its benchmark of 10.6%.”However, following this strong performance, the fund trimmed its UK allocation to smaller companies and exited completely from smaller company mandates in Continental Europe.Joy said exposure to emerging market equities had been a drag on the global portfolio performance.However, the 8% allocation to defensive equities generated a return of 8%.Private equity performed even better than in 2014, with a 20.2% return.The allocation was increased to 4% over the year and will be further expanded over the next few years.The fund’s fixed interest portfolio, which includes investments in global high-
yield bonds and emerging market
 debt, returned -1.6% during 2015, as credit markets sold off because of concerns over defaults from the collapse in commodity prices.The fund continues to maintain a low weighting to this asset class.However, it continued to increase its allocation to private credit, which returned 14.6% over the year. The Church Commissioners – the investment arm of the Church of England – has announced returns of 8.2% on its £7bn (€8.9bn) portfolio for 2015.Though lower than the 14.4% delivered in 2014, the return is still 2% above the fund’s target of inflation plus 5%.During 2015, the Commissioners focused on making selective sales from the property portfolio and on further diversification, to ensure the portfolio is more defensive in the face of expected market headwinds.This strategy has continued into 2016, when in March, the fund’s assets committee approved the sale of £250m of global equities, increasing cash holdings from 8% (as at end-2015) to just over 11% of total assets.last_img read more

€19bn agriculture sector scheme eyes property investments

first_imgThe €18.7bn Dutch pension fund for the agricultural sector plans to increase its property allocation by more than a quarter, with a focus on sustainable residential property.In its annual report for 2018, BPL said it wanted to increase its allocation to the asset class from 12.8% to 16.5% of its overall portfolio.The scheme added that it also intended to include care homes within the new allocation in an effort to improve diversification and achieve higher returns. It had already cut its  exposure to retail and office properties to 4.5%.Last year, the scheme’s real estate allocation generated a 17.8% return. However, this did not help BPL avoid an overall loss of 0.3% for the year. It attributed the loss to its small caps and emerging market debt allocations, as well as the scheme’s decision to overweight equity at the expense of fixed income.BPL’s equity holdings lost 6.9%, an underperformance of 25 basis points, while fixed income gained 0.9%, outperforming its benchmark by 6bps. The Dutch agriculture sector scheme lost 0.3% in 2018 despite double-digit gains from property investmentsAlternatives gained 7.4%, with infrastructure producing a profit of almost 11%. The latter asset class had reached its final stage and had delivered a high yield on divestment, according to the pension fund.A spokesman for the scheme said BPL was preparing to divest a €20m stake in an agricultural land lease financing fund, as other stakeholders wanted to exit. The investment had returned at least 3.5%, he said.Mixed results from hedgingDue to the appreciation of the euro relative to other currencies, BPL lost 0.9% on its currency hedge of dollar, sterling and yen, and its hedge of global high yield, infrastructure and emerging market debt investments, it said.In contrast, its partial hedge of interest rate risk on its liabilities – enacted through government bonds, residential mortgages and interest swaps – gained 0.7%.BPL said there was a real chance that it would have to cut pension rights and benefits in the near future. Its funding ratio was 102.1% at the end of 2018, and has since dropped to 98.4% as of the end of July.The scheme reported administration costs of €102 per participant. It spent 24bps and 7bps on asset management and transactions, respectively.The industry-wide pension fund has 116,435 active participants, 488,110 deferred members and 68,260 pensioners, affiliated with 14,700 employers.last_img read more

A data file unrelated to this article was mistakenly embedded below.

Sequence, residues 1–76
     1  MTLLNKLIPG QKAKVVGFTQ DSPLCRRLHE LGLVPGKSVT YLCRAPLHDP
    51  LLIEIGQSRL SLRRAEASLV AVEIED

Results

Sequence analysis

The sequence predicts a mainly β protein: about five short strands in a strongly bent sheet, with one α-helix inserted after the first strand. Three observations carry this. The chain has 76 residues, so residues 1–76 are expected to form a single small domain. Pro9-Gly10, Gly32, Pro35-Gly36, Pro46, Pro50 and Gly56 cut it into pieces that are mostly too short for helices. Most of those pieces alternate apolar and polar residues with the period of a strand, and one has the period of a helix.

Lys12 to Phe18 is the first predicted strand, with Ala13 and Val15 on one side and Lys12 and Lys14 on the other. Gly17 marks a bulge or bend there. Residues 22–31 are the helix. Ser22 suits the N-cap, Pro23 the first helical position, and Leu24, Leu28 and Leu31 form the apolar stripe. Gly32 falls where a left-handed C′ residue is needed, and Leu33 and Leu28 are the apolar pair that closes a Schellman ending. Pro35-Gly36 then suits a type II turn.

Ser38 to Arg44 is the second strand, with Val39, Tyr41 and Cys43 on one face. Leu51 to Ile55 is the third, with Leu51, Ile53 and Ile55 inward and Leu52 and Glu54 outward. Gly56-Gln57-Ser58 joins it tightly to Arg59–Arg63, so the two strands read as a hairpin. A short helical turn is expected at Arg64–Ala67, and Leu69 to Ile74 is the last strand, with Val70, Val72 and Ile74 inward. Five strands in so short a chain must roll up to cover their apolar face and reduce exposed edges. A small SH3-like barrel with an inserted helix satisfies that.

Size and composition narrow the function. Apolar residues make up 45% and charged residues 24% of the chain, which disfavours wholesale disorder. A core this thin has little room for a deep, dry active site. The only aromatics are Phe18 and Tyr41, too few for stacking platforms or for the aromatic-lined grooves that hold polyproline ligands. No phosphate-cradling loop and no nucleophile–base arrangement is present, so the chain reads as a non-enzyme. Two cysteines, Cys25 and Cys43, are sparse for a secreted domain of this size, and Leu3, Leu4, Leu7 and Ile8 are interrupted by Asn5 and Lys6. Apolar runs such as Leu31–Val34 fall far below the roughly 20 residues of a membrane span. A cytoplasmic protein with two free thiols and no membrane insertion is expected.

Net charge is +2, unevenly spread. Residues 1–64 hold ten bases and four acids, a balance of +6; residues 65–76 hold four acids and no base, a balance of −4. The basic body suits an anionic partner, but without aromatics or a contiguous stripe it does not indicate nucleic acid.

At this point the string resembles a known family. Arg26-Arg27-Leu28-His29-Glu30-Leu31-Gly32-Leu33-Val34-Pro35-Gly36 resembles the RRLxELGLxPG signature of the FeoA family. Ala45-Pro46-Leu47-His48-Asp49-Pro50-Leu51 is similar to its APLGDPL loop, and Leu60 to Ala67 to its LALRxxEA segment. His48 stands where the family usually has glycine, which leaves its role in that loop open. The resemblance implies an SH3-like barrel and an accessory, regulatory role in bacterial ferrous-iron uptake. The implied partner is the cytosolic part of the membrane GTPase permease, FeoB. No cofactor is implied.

Allowing pets can be the cat’s whiskers for landlords